By Miriam Raftery
January 25, 2023 (Alpine) – When Sweetwater Water Authority authorized draining Loveland Reservoir down to dead pool status over public objections, it left an L-shaped floating fishing dock paid for by taxpayers through a federal HUD grant perched on dry land.
Then came the deluge of rainfall in mid-January, which ripped apart the fishing dock.
Fishing dock destroyed, erosion and dam sedimentation also blamed on draining
“The HUD-funded fishing float is destroyed. One piece of the HUD fishing float was washed downstream several hundred feet and sits in the erosion cutout,” says Russell Walsh, an avid fisherman and activist who opposed the draining to a historic low level. “This would never have happened if Sweetwater left minimum pool in the like they promised HUD and Congress in their grant solicitation.”
Walsh told ECM that the draining followed by torrential rains “also caused tons of sand to be pushed up against the dam twice, with all the suction when they drained it and by not having a minimum pool to attenuate silt movement with these flood waters.”
Walsh says the draining caused “massive erosion” that has many ramifications. “It is a huge amount of earth that was practically bulldozed down to the dam and water works, right through any fish trapped in the dead pool….It was a big mistake and will possibly require dredging near the dam. Huge mistake because the Sweetwater directors thought they were smarter than the last 75 years of directors, who left the conservation and minimum pool status alone.”
ECM sent an email to Sweetwater last week asking whether the district has insurance to cover rebuilding the dock, or whether the district would report to the County, which is seeking reports of storm damage in hopes of securing federal emergency funds for repairs including public infrastructure. But Sweetwater has not responded.
Rains partially restore water level drained at Loveland
The rains brought good news as well as bad for supporters of Loveland Reservoir. Though the fishing floatis a shambles, Walsh estimates that recent rains have restored about half of the water level before the draining down to dead pool status began on November 15, though even then, the lake was below the minimum pool status agreed to in a land-swap deal with the Forest Service that Sweewater has refused to honor.
For now, the valve is closed and draining has stopped. But how long will the rainfall water remain in the reservoir? Sweetwater has previously indicated plans to continue draining Loveland as it sees fit in the future.
More East County residents are joining the fight to save Loveland. Kileen Fornelli-Eggers, a clinic administrator at Sycuan Medical Dental Center, states in a letter, “My wish is that the community is heard and alternatives are pursued instead of the draining option. Now is the time with all the rain to reverse the fully draining of the reservoir.”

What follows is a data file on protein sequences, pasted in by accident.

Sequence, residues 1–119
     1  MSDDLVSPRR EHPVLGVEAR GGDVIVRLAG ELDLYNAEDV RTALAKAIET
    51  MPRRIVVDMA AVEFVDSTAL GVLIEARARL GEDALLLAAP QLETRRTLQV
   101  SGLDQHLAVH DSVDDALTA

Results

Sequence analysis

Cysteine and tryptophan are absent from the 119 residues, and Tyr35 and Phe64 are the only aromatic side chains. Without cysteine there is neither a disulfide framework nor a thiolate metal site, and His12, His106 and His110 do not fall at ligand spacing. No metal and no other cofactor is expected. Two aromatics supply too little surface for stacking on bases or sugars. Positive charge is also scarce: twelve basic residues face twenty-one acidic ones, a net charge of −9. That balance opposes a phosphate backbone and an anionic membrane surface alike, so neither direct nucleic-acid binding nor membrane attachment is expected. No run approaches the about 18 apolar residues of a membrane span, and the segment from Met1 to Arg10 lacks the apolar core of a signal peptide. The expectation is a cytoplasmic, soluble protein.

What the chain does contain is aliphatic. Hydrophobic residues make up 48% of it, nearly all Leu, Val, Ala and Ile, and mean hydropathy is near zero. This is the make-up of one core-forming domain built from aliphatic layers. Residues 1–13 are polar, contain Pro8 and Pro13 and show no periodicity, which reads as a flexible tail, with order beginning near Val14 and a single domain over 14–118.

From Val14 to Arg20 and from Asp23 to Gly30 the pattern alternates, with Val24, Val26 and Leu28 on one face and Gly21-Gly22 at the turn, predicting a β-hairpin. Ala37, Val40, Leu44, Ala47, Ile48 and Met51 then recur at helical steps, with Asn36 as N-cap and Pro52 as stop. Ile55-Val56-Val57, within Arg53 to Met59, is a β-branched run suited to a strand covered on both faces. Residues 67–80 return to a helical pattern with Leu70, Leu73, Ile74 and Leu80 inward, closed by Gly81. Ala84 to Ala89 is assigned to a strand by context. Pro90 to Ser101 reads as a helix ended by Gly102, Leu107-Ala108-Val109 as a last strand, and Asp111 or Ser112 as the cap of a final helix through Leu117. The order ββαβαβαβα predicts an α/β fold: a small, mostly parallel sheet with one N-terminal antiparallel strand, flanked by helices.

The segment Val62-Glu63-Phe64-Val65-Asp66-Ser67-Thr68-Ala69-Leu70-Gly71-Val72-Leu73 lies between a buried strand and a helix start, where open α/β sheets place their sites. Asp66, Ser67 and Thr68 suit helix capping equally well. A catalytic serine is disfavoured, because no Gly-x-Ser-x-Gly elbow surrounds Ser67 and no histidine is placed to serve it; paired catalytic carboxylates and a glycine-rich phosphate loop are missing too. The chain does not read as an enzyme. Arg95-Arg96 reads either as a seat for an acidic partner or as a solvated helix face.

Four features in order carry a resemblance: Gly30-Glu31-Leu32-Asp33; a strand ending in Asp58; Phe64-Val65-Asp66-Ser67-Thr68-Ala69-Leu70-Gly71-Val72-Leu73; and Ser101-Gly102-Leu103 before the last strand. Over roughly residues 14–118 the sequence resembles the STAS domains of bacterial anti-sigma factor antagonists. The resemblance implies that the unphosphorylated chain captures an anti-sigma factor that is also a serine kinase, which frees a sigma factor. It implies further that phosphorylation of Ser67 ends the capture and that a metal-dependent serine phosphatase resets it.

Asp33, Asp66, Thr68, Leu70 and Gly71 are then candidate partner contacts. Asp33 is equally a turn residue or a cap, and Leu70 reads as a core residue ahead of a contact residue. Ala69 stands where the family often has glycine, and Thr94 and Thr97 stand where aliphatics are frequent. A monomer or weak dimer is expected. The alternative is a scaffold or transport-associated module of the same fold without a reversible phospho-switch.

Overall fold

Fornelli-Eggers lives near Loveland and voiced shock to learn it was “drained to mud” with plans to continue “over and over again.” Fornelli-Eggers noted that the reservoir was a “key TOOL for all fire agencies when the Valley swept through in 2020” adding, “The community I live in enjoys all aspects that the reservoir bring: fishing, hiking, bir and wildlife viewing but MOST importantly is the firefighting capability the reservoir provides to everyone in the area including businesses and residents.”
District halts meeting after scathing public criticisms over draining Loveland and alleged Brown Act violations
At its January 11 meeting, the district cut short the meeting due to technical audio difficulties, after scathing public comments, many of them blasting the district over its extreme draining of Loveland, even before destruction of the dock occurred. View video.
John Earl, a journalist who covers water issues and is also a ratepayer, complained of “atrocious” sound quality at a recent South Bay Irrigation meeting as well as the current meeting. “You’re making a mockery of the Brown Act…at least open the doors and let people come down here so they can here you,” he urged. “This is not the way to run a meeting.” He later warned the board that he expects legal challenges.
A caller named Mary Dee also complained of a “huge buzz that sounds almost like a buzz saw in the background” and the hypocrisy of members sending members to outside meetings and dinners, “yet you keep hiding behind the Brown Act to keep us safe.”
Then she called Loveland’s “draining and dead pooling absolutely horrible.” She warned of the erosion along the dry embankment, adding, “I feel like there are far more efficient ways to get water without raping the landscape and Alpine and putting my community at risk of fire hazard.” She then faulted the district for misspending bond money intended for dam repairs on other thinks, action she said “can put the community at risk downstream.” She called for “a lot more oversight.”